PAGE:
There are a lot of detractors out there though. My take is that they fall into two main camps. The first are part of the deeply conservative core of hip-hop audiences. The sound here is a little more melodic than certain hip-hop and is therefore dismissed by the reductionist essentialists that seem to be helping ensure the genre dies out. Forget them, though. There’s good stuff here, even if The Heist has only about an EP worth of good stuff and a fair amount of filler. The second camp is more insidious. These folks cling to the failed doctrines of identity politics, which posits that minorities and the oppressed should claim their own personas, and essentially guilt the majority into accepting minority power over the majority on the basis of the strength of their personas. In simpler terms, this is the foundation of the “politically correct” movement. It fails, largely, because those in power, or their lackeys, often act like borderline sociopaths — they have no guilt. That, plus identity politics tends to be neutralized by tokenism, something as simple as hiring a minority (“sellout”) to be the lackey. This camp thinks Macklemore shouldn’t be speaking for the LGBT community, or whatever, because he’s not speaking from within it. This sort of view fails because it contradicts itself — if minorities can only speak for themselves because the majority doesn’t understand them, then the majority doesn’t understand them and the “authentic” minority representative will never be understood. It is why Johnny Cash and Marlon Brando made effective champions of Native American causes decades ago (surpassed only by the disruptive power of groups like AIM). Looking at Macklemore, he proves surprisingly articulate here with the amazing, long-overdue “Same Love”. I like to think that if somebody like Macklemore can reach out and make statements like this, in an era when in my state (in the United States) young people turn out in droves to vote down a bigoted, homophobic proposed constitutional referendum while not even bothering to vote for a presidential candidate on the same ballot (true!), I think the future looks like it has promise. Macklemore engages real issues here with compassion and a refreshingly positive attitude.
Hopefully America and the rest of the world can find more ways to make room for independent voices with something to say. The Heist makes an interesting case study of how it was possible for an instant.
Well, I checked this out from the library and popped it in a CD player without paying much attention to what was on it and what it was about. It started okay. It felt like a solid if uneventful rock album, like a latter day counterpart to New Values. There definitely were signs that Iggy was making overtures to the wave of post-Screeching Weasel spastic pop-punk that bands like Sum 41 and Green Day were riding. I couldn’t really dislike what I was hearing thanks to Iggy’s blend of genuine interest and detached irony. Well, soon enough I realized that both Green Day and Sum 41 make guest appearances here. Things start to take a turn for the worse as the sense of irony falls away, leaving something that feels a lot more like pandering. Most disappointing is that Iggy doesn’t pull out any songwriting that matches the best of his last album Beat Em Up. Anyway, for what it’s worth, the tracks with a reunited Stooges lineup are a lot better here than on the truly horrible Stooges reunion disc The Weirdness. Iggy would come back strongly with an entirely new more “mature” pop sound on Préliminaires a few years later.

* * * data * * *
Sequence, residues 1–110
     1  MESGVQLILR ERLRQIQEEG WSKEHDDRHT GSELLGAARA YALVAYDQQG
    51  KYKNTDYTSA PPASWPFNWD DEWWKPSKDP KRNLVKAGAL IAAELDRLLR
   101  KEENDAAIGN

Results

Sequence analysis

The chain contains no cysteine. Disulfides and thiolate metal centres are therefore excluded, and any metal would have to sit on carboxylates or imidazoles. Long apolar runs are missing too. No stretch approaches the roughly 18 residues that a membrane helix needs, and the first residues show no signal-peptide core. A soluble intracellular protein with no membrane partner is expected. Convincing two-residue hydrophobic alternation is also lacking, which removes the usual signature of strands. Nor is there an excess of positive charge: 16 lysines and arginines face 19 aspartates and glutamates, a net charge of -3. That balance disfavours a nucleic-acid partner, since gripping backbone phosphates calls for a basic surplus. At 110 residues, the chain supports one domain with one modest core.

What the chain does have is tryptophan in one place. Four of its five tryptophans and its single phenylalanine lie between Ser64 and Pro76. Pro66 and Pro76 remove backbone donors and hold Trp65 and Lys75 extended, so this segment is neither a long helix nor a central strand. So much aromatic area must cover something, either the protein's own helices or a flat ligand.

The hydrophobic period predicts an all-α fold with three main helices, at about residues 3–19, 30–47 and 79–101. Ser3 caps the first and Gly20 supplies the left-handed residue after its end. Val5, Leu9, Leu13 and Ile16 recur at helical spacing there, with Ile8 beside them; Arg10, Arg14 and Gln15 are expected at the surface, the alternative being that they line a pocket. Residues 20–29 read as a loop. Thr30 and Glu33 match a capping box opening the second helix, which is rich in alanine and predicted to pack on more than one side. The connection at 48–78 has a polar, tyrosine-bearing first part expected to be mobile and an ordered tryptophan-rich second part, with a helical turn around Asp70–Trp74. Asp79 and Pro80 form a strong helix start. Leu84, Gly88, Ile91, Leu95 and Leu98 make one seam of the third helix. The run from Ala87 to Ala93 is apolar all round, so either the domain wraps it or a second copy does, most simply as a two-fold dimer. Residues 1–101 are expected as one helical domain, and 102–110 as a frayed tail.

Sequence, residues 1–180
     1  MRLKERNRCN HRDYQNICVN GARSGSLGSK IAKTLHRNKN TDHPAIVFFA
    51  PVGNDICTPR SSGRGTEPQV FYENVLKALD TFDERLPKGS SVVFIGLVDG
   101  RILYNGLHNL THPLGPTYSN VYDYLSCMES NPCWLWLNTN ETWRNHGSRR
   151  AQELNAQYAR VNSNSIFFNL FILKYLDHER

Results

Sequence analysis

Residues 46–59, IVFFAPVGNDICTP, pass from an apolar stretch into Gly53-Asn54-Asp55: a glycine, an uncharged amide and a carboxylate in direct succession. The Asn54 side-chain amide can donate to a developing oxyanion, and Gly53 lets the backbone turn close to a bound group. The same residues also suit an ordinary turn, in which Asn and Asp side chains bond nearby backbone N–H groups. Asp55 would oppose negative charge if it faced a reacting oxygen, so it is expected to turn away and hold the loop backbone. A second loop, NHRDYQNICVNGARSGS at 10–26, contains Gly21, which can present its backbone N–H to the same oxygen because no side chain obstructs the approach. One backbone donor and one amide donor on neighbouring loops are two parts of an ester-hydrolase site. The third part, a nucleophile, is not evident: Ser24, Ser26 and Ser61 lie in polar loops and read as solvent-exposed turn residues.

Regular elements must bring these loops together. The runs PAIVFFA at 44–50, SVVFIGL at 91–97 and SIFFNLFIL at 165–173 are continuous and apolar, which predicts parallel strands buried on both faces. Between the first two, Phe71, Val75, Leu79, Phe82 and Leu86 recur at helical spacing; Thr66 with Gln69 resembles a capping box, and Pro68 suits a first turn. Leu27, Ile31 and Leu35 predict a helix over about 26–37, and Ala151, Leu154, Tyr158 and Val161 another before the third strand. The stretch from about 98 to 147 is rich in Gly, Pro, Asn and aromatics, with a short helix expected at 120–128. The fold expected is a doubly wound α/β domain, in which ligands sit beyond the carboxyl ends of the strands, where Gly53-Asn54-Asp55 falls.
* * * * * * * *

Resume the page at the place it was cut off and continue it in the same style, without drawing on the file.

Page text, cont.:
Pretty much state-of-the-art 1970s rock, comparable to The David Johansen Group‘s The David Johansen Group Live, Lou Reed‘s Street Hassle or even the harder parts of Harry Nilsson‘s Nilsson Schmilsson. Iggy is reunited here with two former Stooges, James Williamson and Scott Thurston. Things are somewhat uneven, coming up a little short in the songwriting department more than anything. Still, a few songs like “Five Foot One,” “Girls,” “Tell Me a Story,” and “Curiosity” are decent. Iggy has certainly done better, but he’s done worse too.
A revealing album in that it foreshadowed the self-indulgent character of a lot of Prince albums to come. Now, this one is still a lot easier to take than the later stuff. It has its moments, as well as a mega-hit in “Raspberry Beret,” but stacked next to Prince’s best work of the 80s this is a little underwhelming.
Very uneven, but, that’s almost a given in this stage of Prince’s career (he was using the moniker “O(+>”). The opener makes this seem quite promising; it’s a solid tune catchy enough to recall his 80s heyday. Well, that fades fast with a tedious amount of guest spots and lame crossover attempts with whatever was considered “hip” that week. But, then again, a lot of this is pleasant enough filler. If trimmed down by about half, this might have been a lot more listenable. As it stands, it’s a bit frustrating.